A team-based approach to primary care is key to managing the country’s chronic disease burden effectively and sustainably. In between the patients' visits to their General Practitioners, community nurses can help them make lifestyle and health improvements through health coaching and counselling techniques.
Chronic diseases are the leading causes of death and disability globally and the increase in prevalence among Singaporeans is a cause for concern. Although the severity of the problem is well-acknowledged and lifestyle modifications are proven to manage and prevent complications, behavioural change is often easier said than done.
The didactic approach of health education has shown to be of low yield. Instead, a more powerful method known as health coaching can build a trusting relationship with patients enabling a collaborative effort to devise actionable plans to initiate and enforce behavioural change. During health coaching, motivational interviewing (MI), which is a counselling technique, is used to empower patients in moving from a passive role to actively taking charge of their lifestyle and health.
The Ministry of Health’s (MOH) Beyond Healthcare 2020 Masterplan was rolled out in 2012 to ensure affordable and sustainable healthcare for the nation beyond 2020.
In line with the strategy to shift care upstream, there is tremendous emphasis on strengthening social and primary care as well as partnering general practitioners through the Primary Care Networks. GP clinics meet about 80% of the nation’s primary care demand, with a growing focus on chronic disease management.
MI guiding principles used to perform health coaching can be demonstrated by the acronym RULE:
1. Resist the righting reflexDon’t tell the patient what he knows. As healthcare practitioners, we are often instinctively quick to correct and respond to patients by giving medical advice. When a patient is ambivalent about change, telling him what he probably already knows acts as a reminder of his current health condition and may evoke feelings of being judged or blamed.2. Understand the patient’s own motivationsAcknowledging the patient’s interests, values and concerns. This allows the practitioner to assess the patient’s readiness, willingness and ability to change. However, it is the patient’s own intention to change that ensures actualisation and sustainability.3. Listen with empathySpending adequate time in communication and listening with empathy. Empathy is the ability to understand the feelings of another, and this builds trust for a therapeutic practitioner-patient relationship and encourages the sharing of more information.4. Empower the patientLet patients feel in control of the change. Encourage them to set their own goals and own their successes. In turn, this can lead to improved patient outcomes.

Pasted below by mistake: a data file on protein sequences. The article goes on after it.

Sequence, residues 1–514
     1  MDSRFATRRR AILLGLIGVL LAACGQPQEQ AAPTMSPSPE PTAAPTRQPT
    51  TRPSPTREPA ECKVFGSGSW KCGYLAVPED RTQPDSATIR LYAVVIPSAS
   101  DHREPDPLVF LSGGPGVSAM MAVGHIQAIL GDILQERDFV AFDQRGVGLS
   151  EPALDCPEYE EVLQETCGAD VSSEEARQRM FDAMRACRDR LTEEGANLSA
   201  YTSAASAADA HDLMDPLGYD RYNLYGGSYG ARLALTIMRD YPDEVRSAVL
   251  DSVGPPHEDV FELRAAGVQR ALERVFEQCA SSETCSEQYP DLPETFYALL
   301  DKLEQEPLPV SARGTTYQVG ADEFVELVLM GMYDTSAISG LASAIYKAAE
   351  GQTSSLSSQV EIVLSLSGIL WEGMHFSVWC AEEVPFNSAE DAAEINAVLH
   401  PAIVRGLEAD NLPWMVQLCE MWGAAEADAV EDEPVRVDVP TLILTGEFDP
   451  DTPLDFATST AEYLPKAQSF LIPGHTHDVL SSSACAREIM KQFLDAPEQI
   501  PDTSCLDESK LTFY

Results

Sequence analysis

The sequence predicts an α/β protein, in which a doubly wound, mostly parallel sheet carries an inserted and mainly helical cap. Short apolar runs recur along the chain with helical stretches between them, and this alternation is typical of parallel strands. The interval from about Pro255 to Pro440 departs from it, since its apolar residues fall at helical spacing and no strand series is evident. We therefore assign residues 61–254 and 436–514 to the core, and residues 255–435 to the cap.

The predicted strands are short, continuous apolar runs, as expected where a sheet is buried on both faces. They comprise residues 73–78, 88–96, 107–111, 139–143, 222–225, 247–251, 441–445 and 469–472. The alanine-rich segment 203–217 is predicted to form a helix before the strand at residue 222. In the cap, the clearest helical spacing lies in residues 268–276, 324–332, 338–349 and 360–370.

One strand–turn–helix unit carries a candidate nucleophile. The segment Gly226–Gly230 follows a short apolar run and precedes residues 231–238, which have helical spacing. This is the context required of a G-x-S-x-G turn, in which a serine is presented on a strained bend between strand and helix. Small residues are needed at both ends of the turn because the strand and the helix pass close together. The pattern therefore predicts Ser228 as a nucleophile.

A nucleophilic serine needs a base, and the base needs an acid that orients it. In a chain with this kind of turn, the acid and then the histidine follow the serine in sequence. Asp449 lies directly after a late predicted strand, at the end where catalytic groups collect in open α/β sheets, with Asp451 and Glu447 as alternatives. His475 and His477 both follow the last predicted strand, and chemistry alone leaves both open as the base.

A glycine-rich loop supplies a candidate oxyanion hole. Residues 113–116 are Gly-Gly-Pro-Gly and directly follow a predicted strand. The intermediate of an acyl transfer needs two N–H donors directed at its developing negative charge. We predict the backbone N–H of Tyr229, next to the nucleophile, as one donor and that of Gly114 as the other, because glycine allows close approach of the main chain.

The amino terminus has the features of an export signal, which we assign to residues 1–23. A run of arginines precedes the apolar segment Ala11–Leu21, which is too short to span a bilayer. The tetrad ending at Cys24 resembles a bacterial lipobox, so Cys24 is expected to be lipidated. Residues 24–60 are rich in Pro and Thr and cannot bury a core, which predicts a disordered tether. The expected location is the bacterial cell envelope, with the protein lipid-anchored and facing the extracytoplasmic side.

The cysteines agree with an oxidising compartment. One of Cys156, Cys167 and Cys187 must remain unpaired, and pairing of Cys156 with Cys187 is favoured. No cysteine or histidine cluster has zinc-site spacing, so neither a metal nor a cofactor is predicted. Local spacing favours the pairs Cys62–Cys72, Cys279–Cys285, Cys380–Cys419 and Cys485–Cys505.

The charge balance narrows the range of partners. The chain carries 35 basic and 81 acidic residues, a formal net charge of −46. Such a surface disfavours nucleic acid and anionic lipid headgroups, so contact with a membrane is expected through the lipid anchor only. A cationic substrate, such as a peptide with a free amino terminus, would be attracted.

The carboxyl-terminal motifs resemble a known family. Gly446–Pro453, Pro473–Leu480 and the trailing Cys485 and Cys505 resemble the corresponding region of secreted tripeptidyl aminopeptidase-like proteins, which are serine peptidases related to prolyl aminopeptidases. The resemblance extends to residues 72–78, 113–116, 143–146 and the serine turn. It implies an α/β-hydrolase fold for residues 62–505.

1. Resist the righting reflexDon’t tell the patient what he knows. As healthcare practitioners, we are often instinctively quick to correct and respond to patients by giving medical advice. When a patient is ambivalent about change, telling him what he probably already knows acts as a reminder of his current health condition and may evoke feelings of being judged or blamed.
2. Understand the patient’s own motivationsAcknowledging the patient’s interests, values and concerns. This allows the practitioner to assess the patient’s readiness, willingness and ability to change. However, it is the patient’s own intention to change that ensures actualisation and sustainability.
3. Listen with empathySpending adequate time in communication and listening with empathy. Empathy is the ability to understand the feelings of another, and this builds trust for a therapeutic practitioner-patient relationship and encourages the sharing of more information.
4. Empower the patientLet patients feel in control of the change. Encourage them to set their own goals and own their successes. In turn, this can lead to improved patient outcomes.
Last but not least, it is paramount that the practitioner embodies the spirit of MI by being collaborative, evocative, and respectful of the patient’s autonomy.
This case study illustrates how SingHealth Community Nurses can partner GPs and incorporate MI-based health coaching to improve a patient’s health outcomes.